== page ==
All the kids in the town have grown up hearing the legend of Banana Man: that he kidnaps small children and that they’re never seen again. While wandering the town, Trent says he knows where the boogeyman’s house is in the woods. Like a bunch of dumb teens in a horror movie they traipse out into the darkness (the only way you’re going to get me out into the woods at night where there might be some paranormal thing happening is to spike my Captain Crunch with Ketamine). This is the point where I started yelling at the book like I do when I watch horror movies: “Why are you going into the basement? Oh, the basement light doesn’t work? Better go all the way to the bottom of the stairs and call out ‘Who’s there?’ so the killer/monster can find you faster.”

This drunken Scooby Gang find a rambling structure of boards and tarps, not even a shack but a Frankenstein house cobbled together from found parts. Inside, there’s furniture, a piano, and a kitchen with boxed food in it. And a collection of glass eyes. GLASS EYES. People have been dumping stuff in the woods for years and the Banana Man collected it. There’s no sign of the boogeyman himself. The teens set about wrecking the place, breaking dishes, tearing cupboards apart. Trent, being the jerk that he is, pees in a corner. Tracy becomes uneasy and they all begin to freak each other out and run. Lisa loses her necklace and a flip-flop.

This is the beginning of the terror for Tracy and Lisa.

Lisa’s mom works the night shift at a local diner. Her strict stepfather works days so it’s up to Lisa to watch over her 11-year-old sister Katie. After going to the Banana Man’s tarp house in the woods, Lisa becomes obsessed with it. She wants to go back to find her necklace and her lost flip-flop. She also thinks the Banana Man has been coming into her room. She even wakes up one morning to find a glass eye on her dresser. Lisa’s paranoia starts to get to Tracy. Her friend’s fear invades every part of Tracy’s daily life, from her relationship with her boyfriend to her feelings about her deadbeat father and her mother who is struggling to pick up the pieces of her life.

Lisa begins to deteriorate further, pushing Tracy and everyone else away. Other secrets increase the sense of paranoia and fear with dark deeds coming to light. Tracy is sitting on her own secret, something that happened that she hasn’t told Lisa about, something she’s not sure she ever wants to talk about.

I thought What We Knew would be a book about a supernatural entity living in the woods that preys on young people. Actually, it’s more about long hot summer days and nights with your future spread out in front of you, but still not being able to let go of your past. There are secrets that are destroying you on the inside, but you believe it’ll be better to keep everything in. It’s about seeing your parents as something other than parents. It’s about trying to be a best friend and feeling like you’ve failed miserably.

Darkly intense and full of teenage despair and ennui, What We Knew will make you face your fears. And make you think twice about venturing into the woods in the night. Or during the middle of the day. Or any time at all.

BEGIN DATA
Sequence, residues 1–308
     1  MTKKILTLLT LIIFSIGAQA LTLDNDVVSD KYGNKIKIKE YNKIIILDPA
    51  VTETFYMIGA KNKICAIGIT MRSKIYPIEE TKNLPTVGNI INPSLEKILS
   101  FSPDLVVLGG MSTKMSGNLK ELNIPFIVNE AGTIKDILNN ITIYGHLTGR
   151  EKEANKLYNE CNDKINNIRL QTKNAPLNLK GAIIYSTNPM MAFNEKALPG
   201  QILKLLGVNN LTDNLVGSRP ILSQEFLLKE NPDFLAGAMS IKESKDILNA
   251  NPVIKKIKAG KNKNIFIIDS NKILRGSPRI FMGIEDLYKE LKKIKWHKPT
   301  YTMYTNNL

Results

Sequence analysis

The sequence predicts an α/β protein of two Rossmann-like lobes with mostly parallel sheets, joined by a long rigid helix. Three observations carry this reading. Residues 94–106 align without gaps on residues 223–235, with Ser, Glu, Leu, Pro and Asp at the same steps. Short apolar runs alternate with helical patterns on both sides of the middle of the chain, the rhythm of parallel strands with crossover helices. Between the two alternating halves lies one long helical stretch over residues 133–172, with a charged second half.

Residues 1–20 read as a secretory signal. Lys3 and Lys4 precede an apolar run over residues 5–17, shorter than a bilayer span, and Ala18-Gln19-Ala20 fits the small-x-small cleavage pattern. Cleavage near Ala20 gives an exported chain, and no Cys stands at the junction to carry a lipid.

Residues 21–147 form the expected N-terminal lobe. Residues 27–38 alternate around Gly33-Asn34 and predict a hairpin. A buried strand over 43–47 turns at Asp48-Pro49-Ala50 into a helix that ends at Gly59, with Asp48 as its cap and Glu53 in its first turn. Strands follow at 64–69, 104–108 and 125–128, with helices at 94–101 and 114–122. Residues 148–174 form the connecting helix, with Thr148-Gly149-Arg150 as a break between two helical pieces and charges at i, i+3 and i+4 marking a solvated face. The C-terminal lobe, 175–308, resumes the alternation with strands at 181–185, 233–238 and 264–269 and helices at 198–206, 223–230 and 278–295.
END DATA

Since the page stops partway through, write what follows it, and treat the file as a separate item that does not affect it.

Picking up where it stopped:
Crazy Man, Crazy!

As an avid follower of my blog posts you are undoubtedly aware that my 2015 has featured a lamentable dearth of palatable fiction. Yet even now things begin to look upperly. Finally I have achieved literary contentment, finding a tale about which to crow to the heavens: By the gods, read this book!

Bedlam detective

The Bedlam Detective by Stephen Gallagher is everything a book should be. Set in 1912 England, our main character Sebastian Becker, a former police office and Pinkerton agent, works for the British government’s Masters of Lunacy observing men of property (i.e. peers) whose sanity is in question. It’s a low-paying job with no prestige and Becker’s fortunes have fallen rather far.

This decline is due largely to the situation of his son Robert who is autistic but high-functioning. Sebastian and his wife are told that the boy is dull-witted, not suitable for a respectable job. Nothing, however, could be farther from the truth. The boy is brilliant (as he will demonstrate to his father!) but hindered by social limitations. Whilst living in America they hear of a school in England that makes the effort to work with children like Robert, so they quickly return to their homeland. However, the best job Sebastian is able to obtain is that of the “Bedlam detective.”

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Our tale opens with Becker looking into the case of a highly-respected peer, Sir Owain Lancaster, who, upon returning from a disastrous South American expedition, has seemingly lost some of the crayons in his box so to speak. During Becker’s investigation, two girls are abused and murdered on the peer’s property, mirroring a similar incident from 15 years previous when two girls survived a comparable attack. One girl (now woman) has no memory of the tragedy and the other will not speak of it. While investigating Sir Owain’s sanity Sebastian also becomes involved in the murder inquiry as he believes Lancaster to be a likely suspect.

Sir Owain, on the other hand, believes that huge, invisible beasts were responsible for the attacks; the same beasts that followed him home from the Amazon jungle; the same beasts that killed hundreds in his entourage. In fact, the only survivors of the expedition were Lancaster and his botanist, a man who is now locked away in a mental institution after attacking his sister. Hmmm. Huge invisible beasts. Alive while everyone else is dead. It begins to seem that Sir Owain’s sanity isn’t really in question, it’s non-existent. But does this mean that he killed the expedition party and/or abused and killed children?

So to summarize: sordid mystery, down-on-luck protagonist, lunacy and a cursed expedition worthy of Lovecraft’s or Conan Doyle’s pen. Add to that a traveling freak show, glimpses into the nascent film industry and a seemingly sane asylum inmate. The mix is stunning. And of course it wouldn’t work were not the writing exquisite. So if you’re ready for a tumble into the world 100 years past and the horrors that it concealed, by the gods, read this book!